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Suicide rate among middle-aged adults rises in the U.S.

By Tim Sandle     May 7, 2013 in Health
Suicide rates among middle-aged Americans have risen substantially since 1999, according to a report in by the U.S. Centers for Disease Control (CDC).
The CDC reports that in 2010 there were 33,687 deaths from motor vehicle crashes and 38,364 suicides. Of these suicides the biggest growth was amongst the middle aged (defined as people aged between 35 and 64 years-old). Examining data from 1999-2010, the CDC found that annual suicide rates for this age group increased 28% over this period (from 13.7 suicides per 100,000 people in 1999 to 17.6 per 100,000 in 2010). The data was taken from the U.S. National Vital Statistics System.
The figures also indicate that the largest increases were for non-Hispanic whites and American Indians and /Alaska Natives. A further finding was that the most common ‘methods’ of suicide were from hanging/suffocation, poisoning, and firearms.
Other findings of interest are:
Suicide rates among those 35 to 64 years old increased 28 percent (32 percent for women, 27 percent for men).
The greatest increases in suicide rates were among people aged 50 to 54 years (48 percent) and 55 to 59 years (49 percent).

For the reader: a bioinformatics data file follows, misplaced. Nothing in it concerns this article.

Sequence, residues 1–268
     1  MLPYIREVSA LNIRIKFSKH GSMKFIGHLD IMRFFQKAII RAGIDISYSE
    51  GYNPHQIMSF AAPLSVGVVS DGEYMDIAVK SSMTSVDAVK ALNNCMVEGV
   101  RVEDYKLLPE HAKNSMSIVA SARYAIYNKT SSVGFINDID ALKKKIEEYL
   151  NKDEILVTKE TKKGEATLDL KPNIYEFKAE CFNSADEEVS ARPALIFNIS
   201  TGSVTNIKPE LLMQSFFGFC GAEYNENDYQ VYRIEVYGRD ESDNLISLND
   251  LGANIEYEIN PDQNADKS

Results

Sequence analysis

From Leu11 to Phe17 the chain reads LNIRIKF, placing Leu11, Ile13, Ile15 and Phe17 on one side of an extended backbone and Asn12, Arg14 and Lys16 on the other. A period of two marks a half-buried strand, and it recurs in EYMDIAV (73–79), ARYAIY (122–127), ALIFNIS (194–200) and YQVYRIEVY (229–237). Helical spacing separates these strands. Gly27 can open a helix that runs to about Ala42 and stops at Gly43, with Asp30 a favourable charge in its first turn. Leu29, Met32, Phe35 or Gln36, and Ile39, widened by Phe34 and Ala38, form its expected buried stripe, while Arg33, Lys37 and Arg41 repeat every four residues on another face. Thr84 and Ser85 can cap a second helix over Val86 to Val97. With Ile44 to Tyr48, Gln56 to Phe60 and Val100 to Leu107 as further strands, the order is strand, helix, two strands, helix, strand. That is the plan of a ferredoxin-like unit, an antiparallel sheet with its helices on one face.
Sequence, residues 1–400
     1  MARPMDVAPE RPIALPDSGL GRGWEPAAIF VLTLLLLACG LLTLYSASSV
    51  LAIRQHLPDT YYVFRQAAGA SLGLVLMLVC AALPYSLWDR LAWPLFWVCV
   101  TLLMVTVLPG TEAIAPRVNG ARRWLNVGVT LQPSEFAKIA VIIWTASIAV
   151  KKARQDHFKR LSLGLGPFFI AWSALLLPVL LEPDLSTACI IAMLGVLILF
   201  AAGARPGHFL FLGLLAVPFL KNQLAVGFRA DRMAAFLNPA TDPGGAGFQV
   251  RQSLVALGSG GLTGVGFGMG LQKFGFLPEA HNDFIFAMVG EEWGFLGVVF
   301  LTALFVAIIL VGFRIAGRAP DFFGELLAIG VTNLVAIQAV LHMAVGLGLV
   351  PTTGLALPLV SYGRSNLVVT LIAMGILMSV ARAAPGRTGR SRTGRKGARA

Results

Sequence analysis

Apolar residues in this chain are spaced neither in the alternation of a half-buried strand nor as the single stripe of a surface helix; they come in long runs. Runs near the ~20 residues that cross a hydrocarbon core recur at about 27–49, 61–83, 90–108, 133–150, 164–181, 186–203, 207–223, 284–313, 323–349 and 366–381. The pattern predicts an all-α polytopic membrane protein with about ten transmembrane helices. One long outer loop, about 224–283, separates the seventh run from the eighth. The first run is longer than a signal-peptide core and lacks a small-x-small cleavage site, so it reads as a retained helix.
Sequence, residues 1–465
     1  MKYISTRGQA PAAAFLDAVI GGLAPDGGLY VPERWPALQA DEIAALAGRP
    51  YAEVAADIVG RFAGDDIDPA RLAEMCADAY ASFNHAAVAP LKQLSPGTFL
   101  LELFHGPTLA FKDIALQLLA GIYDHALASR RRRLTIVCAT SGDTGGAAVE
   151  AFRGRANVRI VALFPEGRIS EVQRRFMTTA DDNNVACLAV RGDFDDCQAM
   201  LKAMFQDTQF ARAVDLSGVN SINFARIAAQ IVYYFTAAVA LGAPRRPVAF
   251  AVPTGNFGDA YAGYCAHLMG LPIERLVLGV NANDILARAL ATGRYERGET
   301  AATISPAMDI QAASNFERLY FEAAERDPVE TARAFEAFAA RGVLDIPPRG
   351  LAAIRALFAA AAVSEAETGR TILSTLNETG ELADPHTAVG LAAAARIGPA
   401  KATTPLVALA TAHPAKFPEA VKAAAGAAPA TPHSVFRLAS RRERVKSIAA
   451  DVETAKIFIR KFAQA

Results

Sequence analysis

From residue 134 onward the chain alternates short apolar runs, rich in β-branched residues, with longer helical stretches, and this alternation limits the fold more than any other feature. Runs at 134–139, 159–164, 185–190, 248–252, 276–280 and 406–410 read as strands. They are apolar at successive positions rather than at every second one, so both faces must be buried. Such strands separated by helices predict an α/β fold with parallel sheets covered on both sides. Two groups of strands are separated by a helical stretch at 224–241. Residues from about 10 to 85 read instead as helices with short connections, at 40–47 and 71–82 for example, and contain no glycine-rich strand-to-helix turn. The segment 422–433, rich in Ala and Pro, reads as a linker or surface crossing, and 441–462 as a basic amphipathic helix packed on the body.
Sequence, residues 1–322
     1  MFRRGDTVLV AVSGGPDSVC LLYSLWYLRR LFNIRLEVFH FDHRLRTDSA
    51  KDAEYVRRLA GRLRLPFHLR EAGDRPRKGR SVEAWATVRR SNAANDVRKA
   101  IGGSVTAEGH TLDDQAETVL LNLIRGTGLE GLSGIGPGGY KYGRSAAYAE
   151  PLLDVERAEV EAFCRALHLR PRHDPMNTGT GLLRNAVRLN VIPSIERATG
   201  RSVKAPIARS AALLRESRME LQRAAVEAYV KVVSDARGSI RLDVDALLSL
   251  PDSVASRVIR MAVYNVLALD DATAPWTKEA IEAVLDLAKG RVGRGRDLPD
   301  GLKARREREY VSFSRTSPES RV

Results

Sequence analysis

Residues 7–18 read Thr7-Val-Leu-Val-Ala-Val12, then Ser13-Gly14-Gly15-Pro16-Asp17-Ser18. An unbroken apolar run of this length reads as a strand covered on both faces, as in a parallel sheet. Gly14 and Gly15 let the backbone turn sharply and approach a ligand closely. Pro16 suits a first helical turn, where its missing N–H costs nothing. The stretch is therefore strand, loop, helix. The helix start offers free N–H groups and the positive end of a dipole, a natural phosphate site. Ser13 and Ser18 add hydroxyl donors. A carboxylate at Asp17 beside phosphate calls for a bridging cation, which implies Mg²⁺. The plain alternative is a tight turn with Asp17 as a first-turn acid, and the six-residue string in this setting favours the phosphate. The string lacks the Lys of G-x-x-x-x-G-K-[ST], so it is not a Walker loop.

Among racial/ethnic groups, the greatest increases in suicide rates were among white non-Hispanics (40 percent) and American Indian and Alaska Natives (65 percent).
Suicide rates increased 23 percent or more across all four major regions of the United States.
The CDC closes its report by warning that most attention by authorities in relation to suicide is focused on the young and elderly, with the middle aged largely ignored. This new data suggests that a change to public policy might be needed. The CDC notes:
“Traditionally, suicide prevention efforts have been focused mostly on youths and older adults, but recent evidence suggests that there have been substantial increases in suicide rates among middle-aged adults in the United States.”
More about CDC, Middle age, Americans, Suicide
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